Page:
Keeping good company

What does a good company look like from an investor’s point of view?  Well, it would have a large market to go after and, most importantly, a competitive advantage in doing so.  And the longer it can maintain that competitive advantage (think Microsoft with Windows), the more profits it will make over time.  Investors pay up for companies with these qualities.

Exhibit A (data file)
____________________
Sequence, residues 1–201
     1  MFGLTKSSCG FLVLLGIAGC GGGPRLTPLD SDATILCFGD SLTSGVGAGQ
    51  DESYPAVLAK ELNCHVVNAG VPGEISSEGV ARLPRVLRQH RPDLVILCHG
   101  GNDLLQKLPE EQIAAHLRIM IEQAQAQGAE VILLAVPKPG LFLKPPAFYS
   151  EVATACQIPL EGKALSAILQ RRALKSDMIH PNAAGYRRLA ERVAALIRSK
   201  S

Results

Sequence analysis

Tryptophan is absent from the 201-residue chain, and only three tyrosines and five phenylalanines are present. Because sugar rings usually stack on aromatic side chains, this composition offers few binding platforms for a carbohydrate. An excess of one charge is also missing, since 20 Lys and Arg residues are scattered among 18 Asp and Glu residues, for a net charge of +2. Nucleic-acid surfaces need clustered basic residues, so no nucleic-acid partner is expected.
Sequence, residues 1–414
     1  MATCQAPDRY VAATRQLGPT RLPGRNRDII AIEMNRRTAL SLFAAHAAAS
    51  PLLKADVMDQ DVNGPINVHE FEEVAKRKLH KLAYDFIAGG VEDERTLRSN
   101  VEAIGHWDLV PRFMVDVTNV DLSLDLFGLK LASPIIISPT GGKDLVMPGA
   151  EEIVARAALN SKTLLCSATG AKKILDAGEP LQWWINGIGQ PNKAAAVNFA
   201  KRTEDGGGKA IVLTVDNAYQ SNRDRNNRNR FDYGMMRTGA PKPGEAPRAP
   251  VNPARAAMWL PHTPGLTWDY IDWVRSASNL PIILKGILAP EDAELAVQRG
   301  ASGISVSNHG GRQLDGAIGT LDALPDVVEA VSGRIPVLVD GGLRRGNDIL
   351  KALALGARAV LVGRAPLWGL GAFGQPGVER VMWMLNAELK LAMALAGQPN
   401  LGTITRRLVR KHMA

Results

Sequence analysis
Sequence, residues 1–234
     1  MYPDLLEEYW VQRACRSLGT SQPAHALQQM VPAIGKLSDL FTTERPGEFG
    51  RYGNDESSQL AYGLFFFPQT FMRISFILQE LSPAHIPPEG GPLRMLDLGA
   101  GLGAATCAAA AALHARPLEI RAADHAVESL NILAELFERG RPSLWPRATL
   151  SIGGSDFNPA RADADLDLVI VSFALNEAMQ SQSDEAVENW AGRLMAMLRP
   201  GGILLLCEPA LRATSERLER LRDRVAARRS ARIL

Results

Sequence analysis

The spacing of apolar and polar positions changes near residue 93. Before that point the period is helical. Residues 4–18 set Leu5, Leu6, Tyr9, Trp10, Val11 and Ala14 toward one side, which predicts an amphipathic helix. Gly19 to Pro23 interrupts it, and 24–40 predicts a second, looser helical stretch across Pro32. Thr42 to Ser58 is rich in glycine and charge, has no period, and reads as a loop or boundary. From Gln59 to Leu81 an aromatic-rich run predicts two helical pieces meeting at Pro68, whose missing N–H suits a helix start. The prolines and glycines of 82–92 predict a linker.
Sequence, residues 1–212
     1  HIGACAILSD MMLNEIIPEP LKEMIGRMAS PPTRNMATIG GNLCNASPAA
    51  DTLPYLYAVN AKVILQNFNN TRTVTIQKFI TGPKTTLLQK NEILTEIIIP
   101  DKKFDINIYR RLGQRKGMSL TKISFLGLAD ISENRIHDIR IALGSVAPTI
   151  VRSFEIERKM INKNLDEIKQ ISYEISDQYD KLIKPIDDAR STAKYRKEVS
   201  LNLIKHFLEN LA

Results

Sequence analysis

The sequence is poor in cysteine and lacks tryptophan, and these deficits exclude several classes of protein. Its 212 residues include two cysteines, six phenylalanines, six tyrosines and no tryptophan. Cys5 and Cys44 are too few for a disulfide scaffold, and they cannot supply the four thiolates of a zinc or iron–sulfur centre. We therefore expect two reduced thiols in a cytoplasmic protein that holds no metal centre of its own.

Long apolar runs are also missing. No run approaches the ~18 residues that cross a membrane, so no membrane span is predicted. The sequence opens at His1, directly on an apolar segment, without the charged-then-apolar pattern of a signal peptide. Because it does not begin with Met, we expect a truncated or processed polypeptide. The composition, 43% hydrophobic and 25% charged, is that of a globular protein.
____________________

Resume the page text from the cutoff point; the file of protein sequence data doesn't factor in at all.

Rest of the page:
They will also pay up for management that understands how to create shareholder value and for high standards of corporate governance, in particular of disclosure and transparency.  Which brings me neatly on to Johnson Matthey, which reported its results at the end of last week.  JM recorded exceptionally good growth across all of its markets, but look also at the way it tells its story and sets it out on the first two pages with complete clarity.  Exactly as we teach it, actually – a box containing the key numbers, five bullets each on financial and operational highlights and a good quote from the CEO, part of which comments on the past year and part of which guides to the future.  Faultless.  And it scores well on one other key issue.  Don’t just talk about Earnings per Share (up 29% at JM) – that doesn’t tell you anything about the amount of capital that’s being invested to grow. Talk also about Return on Capital Invested (or Employed), as JM also does so well (ROCI up from 19% to 22%).  The only problem for JM might be the expectations treadmill, but the shares are up 17% over the past year compared to a fall in the FTSE of 5%.  Investors are more than happy to pay up for a good story well told.


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